The New Hampshire Union Leader reports that the American Civil Liberties Union (ACLU), the New Hampshire chapter of the ACLU (ACLU-NH), and Americans United for Separation of Church and State have filed suit against New Hampshire’s Education Tax Credit system, the Republican-backed plan that issues tax credits to businesses that donate to scholarship funds used to pay tuition for students to attend private and religious schools.
The lawsuit was filed in Strafford County Superior Court and names the state of New Hampshire as the defendant. The complaint says the system violates two provisions of the New Hampshire Constitution – one that forbids the use of tax money for religious schools, the other that no person shall be compelled to pay for the support of any religious school.
“A robust respect for the separation of church and state is vital to protecting the religious freedom of all New Hampshire citizens,” said Barbara R. Keshen, staff attorney for the ACLU-NH. “That’s why our state constitution contains several provisions intended to prevent this type of program.”
The program, passed by the New Hampshire Legislature last year, took effect Jan. 1. It allows up to $3.4 million in tax credits to be claimed in the first year, and $5.1 million during its second year. Keshen said she understands that some families have applied for funding.
The New Hampshire Attorney General is responsible for defending all lawsuits against the state. Mary Ann Dempsey, head of the Attorney General Civil Bureau, said it is too early to comment on the substance of the complaint. “Statutes are presumed to be constitutional,” she said. “Certainly, we will be defending the case and defending the statute.”
Source: New Hampshire Union Leader, 1/9/13, By Mark Hayward
[Editor's Note: This challenge to New Hampshire's tuition tax credit program is yet another in a growing list of state programs being challenged in the courts. In October 2012, NSBA submitted an amicus brief in Niehaus v. Huppenthal to the Arizona Court of Appeals in a case involving similar facts, addressing whether Arizona's tuition-tax credit program violates the state constitutional provisions mandating separation of church and state and prohibiting the use of public funds to aid religious institutions, such as schools.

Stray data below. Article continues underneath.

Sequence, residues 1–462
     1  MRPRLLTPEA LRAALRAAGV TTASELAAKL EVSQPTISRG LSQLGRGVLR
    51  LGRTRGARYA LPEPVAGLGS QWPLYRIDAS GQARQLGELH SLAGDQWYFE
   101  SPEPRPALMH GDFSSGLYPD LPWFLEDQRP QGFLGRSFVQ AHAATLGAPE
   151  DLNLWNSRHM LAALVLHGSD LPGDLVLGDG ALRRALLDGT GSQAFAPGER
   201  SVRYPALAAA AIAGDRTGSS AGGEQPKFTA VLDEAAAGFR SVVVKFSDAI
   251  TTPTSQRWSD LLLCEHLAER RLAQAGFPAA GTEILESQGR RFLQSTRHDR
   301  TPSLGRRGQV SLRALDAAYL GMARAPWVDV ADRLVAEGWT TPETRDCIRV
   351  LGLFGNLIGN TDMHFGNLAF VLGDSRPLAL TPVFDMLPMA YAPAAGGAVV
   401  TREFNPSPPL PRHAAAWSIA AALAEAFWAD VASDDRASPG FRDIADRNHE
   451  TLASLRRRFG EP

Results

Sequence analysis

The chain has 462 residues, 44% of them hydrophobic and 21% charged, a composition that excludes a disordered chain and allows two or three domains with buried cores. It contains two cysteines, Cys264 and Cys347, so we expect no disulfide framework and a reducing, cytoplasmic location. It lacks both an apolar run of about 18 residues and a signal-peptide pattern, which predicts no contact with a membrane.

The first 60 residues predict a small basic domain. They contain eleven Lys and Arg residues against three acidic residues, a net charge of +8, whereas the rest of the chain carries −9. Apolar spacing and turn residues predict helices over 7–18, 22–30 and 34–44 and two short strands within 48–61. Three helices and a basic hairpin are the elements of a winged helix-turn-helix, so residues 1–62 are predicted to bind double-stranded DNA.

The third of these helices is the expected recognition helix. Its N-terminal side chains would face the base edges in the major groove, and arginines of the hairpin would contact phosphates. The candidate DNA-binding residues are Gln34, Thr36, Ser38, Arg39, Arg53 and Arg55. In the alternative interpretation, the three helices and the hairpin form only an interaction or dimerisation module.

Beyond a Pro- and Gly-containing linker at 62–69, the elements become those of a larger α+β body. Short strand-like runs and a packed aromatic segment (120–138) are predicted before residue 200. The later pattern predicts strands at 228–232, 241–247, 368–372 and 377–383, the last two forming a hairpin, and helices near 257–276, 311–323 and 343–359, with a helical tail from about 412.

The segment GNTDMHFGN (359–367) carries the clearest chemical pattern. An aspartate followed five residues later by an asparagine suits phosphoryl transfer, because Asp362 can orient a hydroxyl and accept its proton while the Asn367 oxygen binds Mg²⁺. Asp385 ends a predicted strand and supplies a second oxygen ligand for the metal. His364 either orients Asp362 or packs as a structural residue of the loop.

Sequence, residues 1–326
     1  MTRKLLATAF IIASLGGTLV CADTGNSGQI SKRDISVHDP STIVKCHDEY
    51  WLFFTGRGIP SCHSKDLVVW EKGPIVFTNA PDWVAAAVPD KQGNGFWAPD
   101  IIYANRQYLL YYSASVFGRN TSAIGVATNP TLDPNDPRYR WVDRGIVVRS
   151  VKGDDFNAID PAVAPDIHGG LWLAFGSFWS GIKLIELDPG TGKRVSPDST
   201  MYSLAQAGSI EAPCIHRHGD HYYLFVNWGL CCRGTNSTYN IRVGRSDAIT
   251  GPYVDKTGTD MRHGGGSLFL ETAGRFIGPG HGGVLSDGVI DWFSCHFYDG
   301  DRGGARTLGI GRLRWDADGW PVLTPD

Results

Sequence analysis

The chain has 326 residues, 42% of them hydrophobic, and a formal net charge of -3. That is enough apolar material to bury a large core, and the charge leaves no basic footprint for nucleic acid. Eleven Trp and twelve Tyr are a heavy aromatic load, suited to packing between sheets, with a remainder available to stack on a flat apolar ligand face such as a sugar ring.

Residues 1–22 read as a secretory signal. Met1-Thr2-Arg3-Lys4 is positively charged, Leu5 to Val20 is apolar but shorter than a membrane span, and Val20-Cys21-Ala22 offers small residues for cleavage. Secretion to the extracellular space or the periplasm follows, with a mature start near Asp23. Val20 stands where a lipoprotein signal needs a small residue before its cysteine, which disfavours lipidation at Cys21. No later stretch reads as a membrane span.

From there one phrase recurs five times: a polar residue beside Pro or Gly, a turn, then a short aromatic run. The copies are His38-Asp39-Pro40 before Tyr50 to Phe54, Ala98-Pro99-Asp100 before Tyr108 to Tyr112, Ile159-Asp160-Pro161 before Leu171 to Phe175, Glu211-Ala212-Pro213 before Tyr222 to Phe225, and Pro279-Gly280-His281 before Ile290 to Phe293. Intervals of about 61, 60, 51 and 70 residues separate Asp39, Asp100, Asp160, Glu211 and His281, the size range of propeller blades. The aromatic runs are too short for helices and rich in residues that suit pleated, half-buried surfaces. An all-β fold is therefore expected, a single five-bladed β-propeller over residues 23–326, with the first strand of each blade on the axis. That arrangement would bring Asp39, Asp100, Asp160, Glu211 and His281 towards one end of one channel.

In its press release about the complaint filed in Duncan v. State of New Hampshire, the ACLU states that New Hampshire's tuition tax credit program "allows businesses to reduce their tax liability by receiving an 85 percent tax credit in exchange for donations made to K-12 scholarship organizations, which will pay for tuition at religious and other private schools. Since there is no state oversight of the schools receiving funds, religious schools will be able to use the donations for religious instruction, indoctrination and religiously based discrimination." "This is just a backdoor voucher scheme," said the Rev. Barry W. Lynn, Executive Director of Americans United. "Whether it's through a traditional voucher or a tax credit, the result is the same: Taxpayers are subsidizing religious instruction."
The civil rights groups' complaint filed in the New Hampshire case identifies the two constitutional violations alleged by the groups, and requests a declaratory judgment that the program is unconstitutional, and a preliminary injunction and permanent injunction to block implementation of the program.]